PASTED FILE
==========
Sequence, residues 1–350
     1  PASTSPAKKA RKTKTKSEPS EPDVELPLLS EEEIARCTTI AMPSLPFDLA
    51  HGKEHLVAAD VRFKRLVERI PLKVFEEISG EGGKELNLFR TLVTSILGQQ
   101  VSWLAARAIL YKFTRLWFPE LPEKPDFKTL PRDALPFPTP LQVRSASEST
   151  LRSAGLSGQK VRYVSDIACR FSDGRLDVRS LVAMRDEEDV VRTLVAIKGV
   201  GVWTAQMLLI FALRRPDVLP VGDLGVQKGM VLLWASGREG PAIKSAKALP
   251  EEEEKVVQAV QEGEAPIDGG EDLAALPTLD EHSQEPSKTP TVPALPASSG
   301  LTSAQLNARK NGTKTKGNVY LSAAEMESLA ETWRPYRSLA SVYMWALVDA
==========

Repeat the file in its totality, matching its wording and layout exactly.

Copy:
Sequence, residues 1–350
     1  PASTSPAKKA RKTKTKSEPS EPDVELPLLS EEEIARCTTI AMPSLPFDLA
    51  HGKEHLVAAD VRFKRLVERI PLKVFEEISG EGGKELNLFR TLVTSILGQQ
   101  VSWLAARAIL YKFTRLWFPE LPEKPDFKTL PRDALPFPTP LQVRSASEST
   151  LRSAGLSGQK VRYVSDIACR FSDGRLDVRS LVAMRDEEDV VRTLVAIKGV
   201  GVWTAQMLLI FALRRPDVLP VGDLGVQKGM VLLWASGREG PAIKSAKALP
   251  EEEEKVVQAV QEGEAPIDGG EDLAALPTLD EHSQEPSKTP TVPALPASSG
   301  LTSAQLNARK NGTKTKGNVY LSAAEMESLA ETWRPYRSLA SVYMWALVDA